The territory includes the whole Torey lakes, adjoining river floodplains, more than 20 small lakes and vast steppes.
Climate: The climate in the area of the preserve is sharply continental, hot in summer and dry and cold in winter. The climate distinctive feature is huge amplitude of variances in temperature, daily (15-20 C) and annual (90 C), as well as non-uniform distribution of precipitation in the seasons. The climate changes are of cyclic type and they influence the hydrological regime in the territory of the reserve (in particular, a water-level in lakes), which influences in its turn ecosystem, flora and fauna condition.
Relief: In the contemporary relief of the reserve's territory accumulative alluvial and lacustrine (laky) plains, rough terrain and isolated massifs of low hills are prevailing. Higher hills with relative height of 100-150 metres above sea level can only be found along the northern shore of lakes. Coastal plain consists of three lake terraces, a characteristic form of terrain here are beach ridges located in a floodplain and the first terrace of lakes above the floodplains. They were formed when the shoreline was shifted as a result of a lake level change. The number of ridges amounts to 19-20 on a slope. Their size varies from 0.5 up to 2-3 metres high and 20-30 metres wide.
Hydrology: There are more than 500 lakes in the Torey hollow in the periods of high humidity. In the nominated territory there are about 40 lakes including the largest ones – the - Torey lakes. The reserve contains the Barun-Torey and Zun-Torey lakes, which have the common hydrological system. The lakes have an unsteady water regime, the periodicity of their change is mostly determined by the climate: during the last 200-320 years the lakes have dried and have filled up many times (just in the XX century - four times) with the periodicity of 25-40 years. Constant season changes of Torey level also take place.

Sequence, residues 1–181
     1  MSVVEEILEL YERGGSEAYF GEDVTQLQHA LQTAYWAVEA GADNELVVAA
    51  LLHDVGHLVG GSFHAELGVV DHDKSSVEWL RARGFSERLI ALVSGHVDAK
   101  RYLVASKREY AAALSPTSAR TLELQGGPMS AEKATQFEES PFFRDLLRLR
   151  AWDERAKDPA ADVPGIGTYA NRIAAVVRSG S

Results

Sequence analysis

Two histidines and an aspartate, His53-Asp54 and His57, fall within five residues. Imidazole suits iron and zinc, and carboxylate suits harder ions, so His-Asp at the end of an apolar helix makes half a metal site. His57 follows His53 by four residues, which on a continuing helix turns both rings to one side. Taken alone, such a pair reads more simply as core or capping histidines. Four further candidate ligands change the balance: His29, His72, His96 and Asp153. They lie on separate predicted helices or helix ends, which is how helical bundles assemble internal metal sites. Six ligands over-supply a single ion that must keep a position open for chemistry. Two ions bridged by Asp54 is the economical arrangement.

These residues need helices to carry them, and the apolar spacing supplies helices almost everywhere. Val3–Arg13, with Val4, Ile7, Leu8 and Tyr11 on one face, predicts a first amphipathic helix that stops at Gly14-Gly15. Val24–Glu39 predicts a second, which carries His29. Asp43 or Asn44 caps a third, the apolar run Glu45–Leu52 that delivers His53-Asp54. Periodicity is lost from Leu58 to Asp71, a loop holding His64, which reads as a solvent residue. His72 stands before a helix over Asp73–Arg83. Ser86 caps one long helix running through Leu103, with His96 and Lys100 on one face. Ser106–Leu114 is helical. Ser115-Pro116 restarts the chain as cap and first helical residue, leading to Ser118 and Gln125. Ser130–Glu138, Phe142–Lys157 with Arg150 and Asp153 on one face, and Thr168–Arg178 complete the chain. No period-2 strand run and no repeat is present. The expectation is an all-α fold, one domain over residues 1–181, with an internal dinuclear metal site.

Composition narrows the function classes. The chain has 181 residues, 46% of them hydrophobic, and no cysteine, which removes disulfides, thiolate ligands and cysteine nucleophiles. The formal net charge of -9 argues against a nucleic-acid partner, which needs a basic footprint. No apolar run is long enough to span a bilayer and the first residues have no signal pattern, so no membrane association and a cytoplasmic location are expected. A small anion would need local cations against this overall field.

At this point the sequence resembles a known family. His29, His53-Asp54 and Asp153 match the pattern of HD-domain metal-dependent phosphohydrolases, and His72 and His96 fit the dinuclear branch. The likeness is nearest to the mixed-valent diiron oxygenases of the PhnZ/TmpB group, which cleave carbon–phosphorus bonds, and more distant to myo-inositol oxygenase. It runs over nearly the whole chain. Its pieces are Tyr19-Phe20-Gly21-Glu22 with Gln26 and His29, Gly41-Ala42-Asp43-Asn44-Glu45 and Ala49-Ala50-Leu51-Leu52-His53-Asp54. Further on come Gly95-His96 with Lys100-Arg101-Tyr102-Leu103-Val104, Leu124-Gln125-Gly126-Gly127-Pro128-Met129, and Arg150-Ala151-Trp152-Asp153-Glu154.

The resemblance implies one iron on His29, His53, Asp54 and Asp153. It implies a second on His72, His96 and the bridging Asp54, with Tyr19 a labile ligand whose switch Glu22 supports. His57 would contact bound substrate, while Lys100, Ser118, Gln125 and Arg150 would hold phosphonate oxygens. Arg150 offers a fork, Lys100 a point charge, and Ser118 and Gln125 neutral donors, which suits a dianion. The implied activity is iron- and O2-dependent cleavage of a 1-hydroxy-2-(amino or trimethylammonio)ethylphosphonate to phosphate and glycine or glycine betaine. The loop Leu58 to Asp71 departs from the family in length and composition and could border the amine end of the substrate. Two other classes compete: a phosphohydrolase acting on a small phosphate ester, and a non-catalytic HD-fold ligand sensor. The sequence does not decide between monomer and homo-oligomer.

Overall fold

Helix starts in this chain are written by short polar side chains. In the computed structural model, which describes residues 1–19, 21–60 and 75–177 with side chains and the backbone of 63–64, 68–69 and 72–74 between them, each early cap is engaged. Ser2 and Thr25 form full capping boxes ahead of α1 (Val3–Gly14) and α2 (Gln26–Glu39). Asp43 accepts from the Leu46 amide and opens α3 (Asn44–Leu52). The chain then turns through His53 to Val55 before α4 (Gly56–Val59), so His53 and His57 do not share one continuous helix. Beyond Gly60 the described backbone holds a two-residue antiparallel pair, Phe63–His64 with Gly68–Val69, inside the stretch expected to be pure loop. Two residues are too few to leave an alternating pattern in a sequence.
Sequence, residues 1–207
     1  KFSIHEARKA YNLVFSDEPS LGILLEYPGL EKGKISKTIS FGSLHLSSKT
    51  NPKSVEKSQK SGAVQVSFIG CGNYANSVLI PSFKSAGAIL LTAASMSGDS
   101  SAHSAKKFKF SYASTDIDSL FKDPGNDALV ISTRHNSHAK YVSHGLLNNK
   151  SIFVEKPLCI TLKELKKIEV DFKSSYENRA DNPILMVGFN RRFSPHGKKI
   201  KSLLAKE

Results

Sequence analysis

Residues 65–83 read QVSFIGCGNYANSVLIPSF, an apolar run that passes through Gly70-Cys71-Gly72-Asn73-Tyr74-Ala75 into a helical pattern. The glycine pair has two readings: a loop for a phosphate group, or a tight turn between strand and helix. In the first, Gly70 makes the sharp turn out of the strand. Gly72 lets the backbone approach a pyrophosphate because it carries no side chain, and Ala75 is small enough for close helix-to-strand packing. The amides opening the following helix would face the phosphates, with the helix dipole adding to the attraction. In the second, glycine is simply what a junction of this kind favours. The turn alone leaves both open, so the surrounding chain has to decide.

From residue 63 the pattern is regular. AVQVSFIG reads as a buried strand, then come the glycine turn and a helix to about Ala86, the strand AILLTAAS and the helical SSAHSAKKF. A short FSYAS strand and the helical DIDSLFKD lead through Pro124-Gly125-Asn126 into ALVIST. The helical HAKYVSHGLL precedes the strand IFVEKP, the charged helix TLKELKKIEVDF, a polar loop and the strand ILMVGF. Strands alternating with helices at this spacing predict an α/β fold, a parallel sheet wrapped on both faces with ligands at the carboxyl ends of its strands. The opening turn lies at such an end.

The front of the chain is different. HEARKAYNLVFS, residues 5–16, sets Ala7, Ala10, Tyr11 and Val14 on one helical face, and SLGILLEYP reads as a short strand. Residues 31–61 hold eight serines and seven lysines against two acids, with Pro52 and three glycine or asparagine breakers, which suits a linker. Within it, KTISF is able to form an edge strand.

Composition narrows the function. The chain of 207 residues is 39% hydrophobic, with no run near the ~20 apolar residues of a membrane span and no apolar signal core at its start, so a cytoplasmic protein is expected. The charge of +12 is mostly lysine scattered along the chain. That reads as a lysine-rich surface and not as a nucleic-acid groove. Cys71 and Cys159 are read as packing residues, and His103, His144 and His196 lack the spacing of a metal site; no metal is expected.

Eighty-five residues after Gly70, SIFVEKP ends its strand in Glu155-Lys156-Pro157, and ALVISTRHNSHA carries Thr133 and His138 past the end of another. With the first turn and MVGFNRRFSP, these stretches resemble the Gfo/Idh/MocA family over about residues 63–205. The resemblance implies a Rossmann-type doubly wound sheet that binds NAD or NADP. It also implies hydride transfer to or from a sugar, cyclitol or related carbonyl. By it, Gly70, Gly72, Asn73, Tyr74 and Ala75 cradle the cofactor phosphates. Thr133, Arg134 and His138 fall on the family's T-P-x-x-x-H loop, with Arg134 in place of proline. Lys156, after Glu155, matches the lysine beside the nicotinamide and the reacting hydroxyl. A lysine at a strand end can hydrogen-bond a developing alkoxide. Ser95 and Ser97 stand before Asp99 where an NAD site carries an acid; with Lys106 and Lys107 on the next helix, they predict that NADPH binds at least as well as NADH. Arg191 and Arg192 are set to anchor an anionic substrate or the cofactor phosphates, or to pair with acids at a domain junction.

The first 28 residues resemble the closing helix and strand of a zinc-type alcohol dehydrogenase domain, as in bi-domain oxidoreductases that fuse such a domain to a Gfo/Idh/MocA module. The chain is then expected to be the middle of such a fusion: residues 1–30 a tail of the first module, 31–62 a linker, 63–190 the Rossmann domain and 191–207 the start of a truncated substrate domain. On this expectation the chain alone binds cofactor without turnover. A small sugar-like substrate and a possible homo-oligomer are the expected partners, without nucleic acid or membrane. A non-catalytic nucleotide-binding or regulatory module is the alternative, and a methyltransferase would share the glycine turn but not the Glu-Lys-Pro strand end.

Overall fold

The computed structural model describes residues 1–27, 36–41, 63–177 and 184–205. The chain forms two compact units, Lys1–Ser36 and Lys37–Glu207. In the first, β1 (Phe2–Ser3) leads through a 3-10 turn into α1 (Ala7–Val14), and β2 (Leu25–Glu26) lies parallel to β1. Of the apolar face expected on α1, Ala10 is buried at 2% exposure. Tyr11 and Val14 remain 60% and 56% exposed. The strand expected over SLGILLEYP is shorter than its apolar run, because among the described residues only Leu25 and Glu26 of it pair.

Soils: Chestnut and mountain-chestnut soils as well as a soil complex containing salines are most widely spread. In the south-western part of the reserve there are sand sediments in the form of active and non-active dunes. Along the Imalka and Uldza river basins meadow and marsh-meadow soils are formed. There are few areas of permafrost of an insular type that are mostly located around the lake hollows. According to the data available, the depth of perennially frozen rocks is about 10-15 metres and sometimes 20 metres.
Flora: The list of plants in the reserve today consists of 440 species from 244 genera and 73 families. The following families are most rich with species: aster family - 56 species,
gramineous family - 44 species, rose family - 38 species, fabaceous family - 36 species.
The reserve has more than 20 species of rare or narrow habitat. Two of them are included in the Red Book of Russia: Chinese triborodnik (Tripogon chimensis (Franchet) Hackel) and a narrow leafed asparagus (Asparagus brachyphyllus Turcz). Mosl of the rest are included in the Red Book of Chita Region. Among the species with a special conservation status relicts and endemics of Central Asia prevail. The crossing of different habitats is typical for the reserve's flora: South-Siberian and Mongolian (64 species), Eurasian (48 species), Central-Asian (43 species), Mandjurian-Daurian (42 species), East Asian (38 species) and circumpolar (35 species) habitats. There are steppes meadow, saline, water and shrubby types of communities, with tansy steppes (a sort of meadow steppes) as endemic for Transbaikalia. Dauria's distinctive feature is a wide spread of crushed stone soils on gentle slopes, ridge tops and placoras, which makes it possible for hemypetrophic variants of steppes to develop among terrain's elements that arc unusual for them.
Fauna: There are 4 fish species, 3 amphibian species, 3 reptile species 317 bird species and 48 mammalian species, more then 800 insect species in the reserve's fauna. The fauna of invertebrates is still poorly understood.